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Fertility after fetotomy: a clinical study focusing on heavy draft mares
  1. A. Raś, DVM, Phd, Prof1,
  2. A. Rapacz-Leonard, DVM, Phd1,
  3. M. Raś-Noryńska, DVM, Phd2 and
  4. W. Barański, DVM, Phd1
  1. 1Department of Animal Reproduction with Clinic, University of Warmia and Mazury, ul. Oczapowskiego 14, Olsztyn 10-719, Poland
  2. 2Department of Parasitology and Invasive Diseases, Faculty of Veterinary Medicine, University of Warmia and Mazury, ul. Oczapowskiego 14, Olsztyn 10-719, Poland
  1. E-mail for correspondence: andrzej.ras{at}wp.pl

Abstract

Although fetotomy is recommended for all mares when the fetus is dead and difficult to extract, little has been written about fetotomy and heavy draft mares. This lack includes indications for fetotomy in heavy draft mares, differences in treatment and prognosis of heavy mares kept by farmers of low socioeconomic status, and how this procedure affects the mare's further fertility. The literature on mares, in general, also differs on the survival rate of mares that undergo fetotomy, the prevalence of postpartum complications, and further fertility. To answer these questions, we reviewed the medical records of 102 mares that underwent fetotomy, mostly heavy draft mares (n=93). Head malposture (62.7 per cent) was the most common fetal maldisposition, which required fetotomy in all cases. The survival rate was 84.3 per cent (n=86). The most common postpartum complications were endometritis puerperalis (32.5 per cent) and retained placenta (27.9 per cent). 61 mares (70.9 per cent) both showed foal heat and cycled regularly in the first season after fetotomy. Out of 45 mares that were bred in the first season, 14 became pregnant (31.1 per cent). Survival rate and further fertility were reduced by delayed requests for veterinary assistance due to the difficult economic situation of the owners. Fetotomy is the method of choice for serious maldispositions, especially head malpostures, because in contrast with cesarean sections, it has a higher survival rate and allows the mare to return to breeding in the same season.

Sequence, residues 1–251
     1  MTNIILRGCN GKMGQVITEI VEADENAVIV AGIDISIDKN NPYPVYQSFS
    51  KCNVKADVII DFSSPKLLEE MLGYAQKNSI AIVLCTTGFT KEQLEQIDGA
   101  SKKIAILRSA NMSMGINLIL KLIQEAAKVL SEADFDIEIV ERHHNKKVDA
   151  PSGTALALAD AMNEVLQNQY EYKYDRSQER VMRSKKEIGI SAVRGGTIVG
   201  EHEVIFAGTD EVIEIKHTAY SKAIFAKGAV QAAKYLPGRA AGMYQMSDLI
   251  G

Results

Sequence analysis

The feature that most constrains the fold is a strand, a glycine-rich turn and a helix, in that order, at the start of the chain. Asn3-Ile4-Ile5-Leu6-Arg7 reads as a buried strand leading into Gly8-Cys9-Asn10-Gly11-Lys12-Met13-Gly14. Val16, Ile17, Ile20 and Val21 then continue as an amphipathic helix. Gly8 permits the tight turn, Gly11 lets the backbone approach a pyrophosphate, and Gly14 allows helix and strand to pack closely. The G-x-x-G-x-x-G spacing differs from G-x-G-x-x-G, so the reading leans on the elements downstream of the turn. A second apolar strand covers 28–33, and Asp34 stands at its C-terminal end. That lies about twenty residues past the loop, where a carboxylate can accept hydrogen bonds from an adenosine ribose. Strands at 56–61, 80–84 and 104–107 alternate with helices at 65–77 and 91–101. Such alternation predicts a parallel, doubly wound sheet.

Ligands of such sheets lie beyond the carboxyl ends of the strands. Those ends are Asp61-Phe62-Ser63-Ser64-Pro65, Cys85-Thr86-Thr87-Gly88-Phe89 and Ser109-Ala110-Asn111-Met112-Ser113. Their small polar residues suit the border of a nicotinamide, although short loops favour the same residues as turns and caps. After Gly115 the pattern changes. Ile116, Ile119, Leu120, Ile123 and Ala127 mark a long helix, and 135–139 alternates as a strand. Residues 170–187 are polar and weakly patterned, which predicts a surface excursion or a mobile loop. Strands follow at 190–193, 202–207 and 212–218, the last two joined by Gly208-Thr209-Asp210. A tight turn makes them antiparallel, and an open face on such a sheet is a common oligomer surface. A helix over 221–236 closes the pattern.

• Accepted January 28, 2014.

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  • Accepted January 28, 2014.
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